Happy Chinese (Lunar) New Year!
In many ways, January has felt like a bit of a hangover from all of the excitement and changes in December. While I began to make progress in my personal life at the start of the Gregorian New Year, uncertainty, surprises, and disappointment resulted in financial decision-making paralysis in my financial life, making January feel like a false start. This year, I’ve decided to embrace the Lunar New Year as a much-needed second start to 2022.
In my original 2022 Financial Goals post, I talked about embracing the increased simplicity of my new financial picture. I had two fairly straightforward goals and asked for help deciding upon my third goal:
1) Earn the 20% match from Organization C (my new employer).
2) Save $1,000.00 as a non-emergency fund sinking fund.
3a) Allocate all additional money to student loan debt repayment. Repayment goal for 2022: Make it below $60,000.00 in student loan debt.
3b) Make $2,000.00/month student loan payments. Allocate any additional money, including bonuses and raises, to other investment opportunities and increased quality of life.
3c) Make minimum student loan payments. Allocate any additional money, including bonuses and raises, to other investment opportunities and increased quality of life.
There was also a swath of better ideas and permutations contributed by the Pennyfolk (thank you C, Eva, Ellen, Avery, Blissful, and Hope).
As I shared in a recent life update, life is rarely so simple. Thus, my revised 2022 financial goals are:
1) Earn the $2,000.00 match from Organization C. – That’s right folks, I went from thinking I had hit the jackpot 403b match to seriously questioning whether or not I should invest in my employer-sponsored plan at all. To earn the $2,000.00 employer match from Organization C, I will have to contribute $10,000.00 of my salary. This is a much more significant employee contribution, for a smaller match than I was earning at University B, however a) I am still earning $26,000.00 more at Organization C than I was at University B, b) it’s never good to leave free money on the table and, c) as C said, “You’re not getting any younger!”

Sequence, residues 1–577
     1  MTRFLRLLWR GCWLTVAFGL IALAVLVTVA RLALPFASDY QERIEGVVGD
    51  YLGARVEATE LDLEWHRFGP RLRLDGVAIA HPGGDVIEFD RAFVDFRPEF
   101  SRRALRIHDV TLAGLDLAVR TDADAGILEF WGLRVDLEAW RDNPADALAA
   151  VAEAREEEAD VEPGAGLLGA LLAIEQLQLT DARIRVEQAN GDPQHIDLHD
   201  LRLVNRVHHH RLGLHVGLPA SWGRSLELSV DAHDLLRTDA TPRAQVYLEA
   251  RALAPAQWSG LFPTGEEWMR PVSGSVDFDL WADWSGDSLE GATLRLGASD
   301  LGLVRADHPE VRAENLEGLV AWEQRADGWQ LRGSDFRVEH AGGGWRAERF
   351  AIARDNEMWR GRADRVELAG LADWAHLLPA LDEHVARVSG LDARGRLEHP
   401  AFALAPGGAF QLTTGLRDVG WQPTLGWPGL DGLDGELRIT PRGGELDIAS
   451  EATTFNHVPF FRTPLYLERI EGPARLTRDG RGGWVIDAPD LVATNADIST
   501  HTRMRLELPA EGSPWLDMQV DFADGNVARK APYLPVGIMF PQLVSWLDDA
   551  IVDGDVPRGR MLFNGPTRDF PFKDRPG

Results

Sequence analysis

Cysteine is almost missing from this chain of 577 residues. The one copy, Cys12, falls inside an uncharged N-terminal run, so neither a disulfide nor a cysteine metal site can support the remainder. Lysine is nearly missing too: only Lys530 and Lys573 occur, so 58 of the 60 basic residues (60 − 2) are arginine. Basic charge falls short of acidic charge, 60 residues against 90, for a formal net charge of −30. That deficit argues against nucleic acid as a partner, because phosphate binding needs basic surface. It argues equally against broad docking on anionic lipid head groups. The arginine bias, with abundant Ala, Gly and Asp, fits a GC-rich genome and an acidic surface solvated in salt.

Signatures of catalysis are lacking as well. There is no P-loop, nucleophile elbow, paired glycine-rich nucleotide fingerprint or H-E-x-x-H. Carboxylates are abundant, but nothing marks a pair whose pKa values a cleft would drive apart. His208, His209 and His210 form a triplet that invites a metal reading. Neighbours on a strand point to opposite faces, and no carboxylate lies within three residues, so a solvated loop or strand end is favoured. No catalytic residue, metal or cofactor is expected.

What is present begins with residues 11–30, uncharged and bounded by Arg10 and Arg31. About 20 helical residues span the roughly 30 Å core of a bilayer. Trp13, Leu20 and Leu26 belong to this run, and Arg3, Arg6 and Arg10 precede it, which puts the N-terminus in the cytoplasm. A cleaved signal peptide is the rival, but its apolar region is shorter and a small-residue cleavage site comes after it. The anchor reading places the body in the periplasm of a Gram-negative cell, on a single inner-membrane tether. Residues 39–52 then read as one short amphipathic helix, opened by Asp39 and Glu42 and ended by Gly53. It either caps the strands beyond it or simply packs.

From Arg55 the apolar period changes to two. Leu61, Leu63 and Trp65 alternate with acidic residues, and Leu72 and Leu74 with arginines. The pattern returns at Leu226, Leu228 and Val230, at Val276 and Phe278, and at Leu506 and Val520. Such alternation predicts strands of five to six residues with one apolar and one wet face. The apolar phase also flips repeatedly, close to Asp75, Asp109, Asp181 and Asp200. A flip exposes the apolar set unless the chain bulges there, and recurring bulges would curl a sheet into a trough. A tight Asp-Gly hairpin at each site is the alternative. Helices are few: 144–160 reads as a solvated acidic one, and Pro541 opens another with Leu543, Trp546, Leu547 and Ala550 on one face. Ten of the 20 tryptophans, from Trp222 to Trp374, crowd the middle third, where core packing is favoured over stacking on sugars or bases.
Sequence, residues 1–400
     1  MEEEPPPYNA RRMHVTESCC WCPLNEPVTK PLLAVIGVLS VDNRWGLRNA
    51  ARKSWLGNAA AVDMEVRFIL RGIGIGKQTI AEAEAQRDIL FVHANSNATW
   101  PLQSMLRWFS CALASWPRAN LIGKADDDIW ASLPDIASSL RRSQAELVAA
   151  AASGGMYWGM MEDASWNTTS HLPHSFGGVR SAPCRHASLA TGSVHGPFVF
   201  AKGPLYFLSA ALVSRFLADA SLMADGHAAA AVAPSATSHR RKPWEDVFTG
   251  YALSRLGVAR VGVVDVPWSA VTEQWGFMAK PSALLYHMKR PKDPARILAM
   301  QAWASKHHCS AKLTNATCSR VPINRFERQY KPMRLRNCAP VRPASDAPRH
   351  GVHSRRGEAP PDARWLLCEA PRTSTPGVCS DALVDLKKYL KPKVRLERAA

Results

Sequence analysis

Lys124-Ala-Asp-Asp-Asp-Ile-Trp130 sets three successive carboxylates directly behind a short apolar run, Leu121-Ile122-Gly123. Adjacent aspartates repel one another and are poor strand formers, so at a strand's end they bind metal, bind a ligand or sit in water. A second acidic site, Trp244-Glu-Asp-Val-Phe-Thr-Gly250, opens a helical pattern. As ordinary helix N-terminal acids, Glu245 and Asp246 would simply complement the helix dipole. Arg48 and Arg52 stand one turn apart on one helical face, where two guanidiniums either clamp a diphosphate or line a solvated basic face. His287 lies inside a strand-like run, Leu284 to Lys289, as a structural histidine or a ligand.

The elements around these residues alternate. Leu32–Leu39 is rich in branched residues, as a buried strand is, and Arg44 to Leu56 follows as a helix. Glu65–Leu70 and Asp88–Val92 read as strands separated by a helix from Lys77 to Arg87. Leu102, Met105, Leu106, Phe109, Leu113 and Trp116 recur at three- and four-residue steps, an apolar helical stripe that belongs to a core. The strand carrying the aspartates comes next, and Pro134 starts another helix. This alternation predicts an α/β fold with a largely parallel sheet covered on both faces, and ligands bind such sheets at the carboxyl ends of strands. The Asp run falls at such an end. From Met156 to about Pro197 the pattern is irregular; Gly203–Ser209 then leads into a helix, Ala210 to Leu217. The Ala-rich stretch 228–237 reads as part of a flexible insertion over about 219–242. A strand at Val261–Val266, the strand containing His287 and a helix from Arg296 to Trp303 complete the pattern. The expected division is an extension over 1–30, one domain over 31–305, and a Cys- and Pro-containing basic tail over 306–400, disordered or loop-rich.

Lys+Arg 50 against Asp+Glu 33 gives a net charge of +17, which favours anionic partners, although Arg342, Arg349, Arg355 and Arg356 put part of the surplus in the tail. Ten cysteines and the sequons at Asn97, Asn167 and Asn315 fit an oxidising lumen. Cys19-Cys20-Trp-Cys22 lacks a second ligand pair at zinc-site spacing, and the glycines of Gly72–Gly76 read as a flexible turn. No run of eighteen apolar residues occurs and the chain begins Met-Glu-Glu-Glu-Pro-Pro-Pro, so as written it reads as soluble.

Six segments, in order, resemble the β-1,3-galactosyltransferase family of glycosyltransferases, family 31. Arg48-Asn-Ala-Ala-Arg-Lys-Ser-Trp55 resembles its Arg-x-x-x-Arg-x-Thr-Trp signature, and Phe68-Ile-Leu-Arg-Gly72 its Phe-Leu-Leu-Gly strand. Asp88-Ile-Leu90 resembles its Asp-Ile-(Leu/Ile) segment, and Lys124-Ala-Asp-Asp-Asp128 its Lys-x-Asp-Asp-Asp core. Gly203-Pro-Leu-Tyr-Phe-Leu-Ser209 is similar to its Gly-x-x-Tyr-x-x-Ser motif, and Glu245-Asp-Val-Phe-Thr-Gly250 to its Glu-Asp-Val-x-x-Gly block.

Materially, the only change here is that I am earning a much smaller employer match and contributing $6,000.00 less to my 403b. Yea, all bad.
2) Save $1,000.00 as a non-emergency fund sinking fund. – No change to this goal. The deadline for this is just by the end of the year. I have actually learned to like saving and finding a few extra dollars here and there to chip away at this goal throughout the year will be fun.
3) Make it below $60,000.00 in student loan debt. – I went back and forth on this third goal for a really long time. In no small part because the Pennyfolk had a plethora of seemingly better ideas and were just really not here for this goal.
Seriously, only two folks wanted to see me continue to aggressively pay down my student loan debt. However, to be fair to the rest of the Pennyfolk, I think
some a lot of this is my fault. At the end of 2021, having gotten my student loan debate below $90,000.00, I really did start to feel immeasurably better about my financial situation and started to look a bit further down the road. However, doing this meant that I started to lose focus, and started to think about things (like buying a house) that weren’t really priorities for me. With no real financial plan in place, I have felt anxious and uncertain as to what my next step should be. I hate the feeling.
Additionally, another reason I think a lot of the Pennyfolk weren’t on board with this goal (besides the obviously lost opportunities in the current financial market and the benefits of compound interest) are also that I have done a very poor job of showing you all the ways that my life is very abundant. I realized that while I have been successful in paying off a significant amount of debt over the past few years, I have also seemed pretty miserable. And I could understand, and deeply appreciate, why other humans would support taking my foot off the gas a bit if it meant I might be a little less miserable. Honestly, my life is pretty great. I’m a bit more lonely than I would like to be (as of late…more on that later) but otherwise, my life is good and I feel very fortunate.
To achieve this goal would require a $28,879.54 net decrease over the course of the year. I think I can do it. I KNOW I can do this.
Okay…this has gotten too long. Finally…